I’ve been pretty munchy for the past couple months, especially the last few weeks, and I have a little bit of a “winter coat,” though I’m pretty confident it will go away in the spring. In the meantime, the couple extra pounds don’t really bother me, but the thoughts do. I don’t like thinking about food all the time. I’d rather think about art, writing, Sam, my friends, or just have a clear head sometimes. I don’t like it when food seems like the most comforting, exciting thing in my life. In the week before a party or planned dinner out, the thoughts of food keep popping in my head and don’t go away. I know this isn’t entirely under my control and that certain parts of my brain tend to be overactive, which is why I get “stuck” on certain thoughts (I’ve put lots of research into this.)
To a certain extent though, I can observe this happening and even talk back to these thoughts. One tactic I’ve been using lately is to think “What is feeding me today?”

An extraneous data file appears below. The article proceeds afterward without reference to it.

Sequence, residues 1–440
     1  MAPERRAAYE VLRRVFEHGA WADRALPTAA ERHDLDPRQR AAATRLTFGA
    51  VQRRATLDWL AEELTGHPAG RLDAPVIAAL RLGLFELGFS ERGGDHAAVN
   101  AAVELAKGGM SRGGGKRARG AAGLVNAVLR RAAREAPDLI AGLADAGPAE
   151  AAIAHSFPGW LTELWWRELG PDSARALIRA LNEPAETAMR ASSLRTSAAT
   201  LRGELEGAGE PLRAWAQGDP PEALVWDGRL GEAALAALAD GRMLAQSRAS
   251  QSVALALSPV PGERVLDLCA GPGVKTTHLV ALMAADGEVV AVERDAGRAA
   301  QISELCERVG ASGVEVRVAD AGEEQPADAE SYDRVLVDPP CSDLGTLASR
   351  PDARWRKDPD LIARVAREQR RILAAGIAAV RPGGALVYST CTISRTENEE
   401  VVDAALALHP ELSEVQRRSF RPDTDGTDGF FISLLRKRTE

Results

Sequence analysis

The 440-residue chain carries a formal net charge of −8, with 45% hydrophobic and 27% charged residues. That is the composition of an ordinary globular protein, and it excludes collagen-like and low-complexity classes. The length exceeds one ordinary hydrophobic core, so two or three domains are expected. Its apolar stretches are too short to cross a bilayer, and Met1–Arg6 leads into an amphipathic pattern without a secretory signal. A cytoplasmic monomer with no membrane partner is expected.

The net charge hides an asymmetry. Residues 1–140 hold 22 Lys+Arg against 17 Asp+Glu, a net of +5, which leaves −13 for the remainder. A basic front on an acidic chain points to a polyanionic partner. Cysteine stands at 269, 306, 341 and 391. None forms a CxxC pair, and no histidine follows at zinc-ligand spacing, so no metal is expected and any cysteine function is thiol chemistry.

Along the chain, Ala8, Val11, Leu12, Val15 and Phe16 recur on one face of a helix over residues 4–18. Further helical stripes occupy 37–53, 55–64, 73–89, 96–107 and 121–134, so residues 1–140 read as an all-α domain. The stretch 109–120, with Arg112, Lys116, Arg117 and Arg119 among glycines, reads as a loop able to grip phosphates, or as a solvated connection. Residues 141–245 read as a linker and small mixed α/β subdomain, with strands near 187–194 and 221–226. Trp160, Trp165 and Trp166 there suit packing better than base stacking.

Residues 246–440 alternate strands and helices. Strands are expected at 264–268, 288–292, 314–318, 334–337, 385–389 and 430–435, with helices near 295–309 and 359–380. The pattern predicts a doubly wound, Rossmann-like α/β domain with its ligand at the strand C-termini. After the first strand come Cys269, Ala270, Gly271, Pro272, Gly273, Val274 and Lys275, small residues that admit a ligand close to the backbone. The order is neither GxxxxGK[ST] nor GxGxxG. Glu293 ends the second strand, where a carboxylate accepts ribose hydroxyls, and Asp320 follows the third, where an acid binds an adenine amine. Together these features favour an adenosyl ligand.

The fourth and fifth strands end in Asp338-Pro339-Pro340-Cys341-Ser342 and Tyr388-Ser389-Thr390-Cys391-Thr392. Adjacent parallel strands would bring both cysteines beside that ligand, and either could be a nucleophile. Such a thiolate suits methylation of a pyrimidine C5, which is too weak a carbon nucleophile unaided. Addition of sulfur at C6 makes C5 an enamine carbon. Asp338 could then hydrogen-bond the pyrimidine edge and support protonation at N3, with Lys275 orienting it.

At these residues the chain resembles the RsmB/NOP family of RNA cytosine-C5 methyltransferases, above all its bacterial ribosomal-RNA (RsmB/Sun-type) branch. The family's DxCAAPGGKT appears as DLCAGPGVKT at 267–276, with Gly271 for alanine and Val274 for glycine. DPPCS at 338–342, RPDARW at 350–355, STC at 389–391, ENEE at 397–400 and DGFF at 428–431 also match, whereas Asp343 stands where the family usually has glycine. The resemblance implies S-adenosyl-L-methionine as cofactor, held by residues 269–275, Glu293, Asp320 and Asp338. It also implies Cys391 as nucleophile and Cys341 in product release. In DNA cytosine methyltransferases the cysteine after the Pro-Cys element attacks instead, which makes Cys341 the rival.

If the only enjoyable parts of my day revolved around food, I know one of two things. Either I’m experiencing fear and avoiding thinking about something, or I’m not caring for my spirit.
This is tricky, because it changes every day. I love walks most days, but some days I’d rather paint, or read a book. Sometimes I just need to snuggle with my cat and write in my journal. Once in awhile I want to go out with friends, or be spontaneous. Sometimes, I’m just sad and need some comfort from something other than cookies. The other day, a snap of beautiful weather filled me like nothing I’ve felt in months.
If you struggle with food or any other compulsion, ask yourself what you get out of it and what you’re really missing. Can you give yourself what you really need? Is something off with your mood? Do you need more excitement or challenges in your life? Have you taken time to pursue your own interests? Do you take time for rest?
I’m still getting the hang of this, and I’m learning to eat intuitively during the winter and deal with low moods authentically rather than numbing them. This is a useful tool that I’m learning to use. I feed my body when it needs it, but I also try to feed my spirit just as often, with spiritual “meals” of walking outside, connecting with others, creating, and a little dash of adventure now and again.
Has anyone else had experience with this?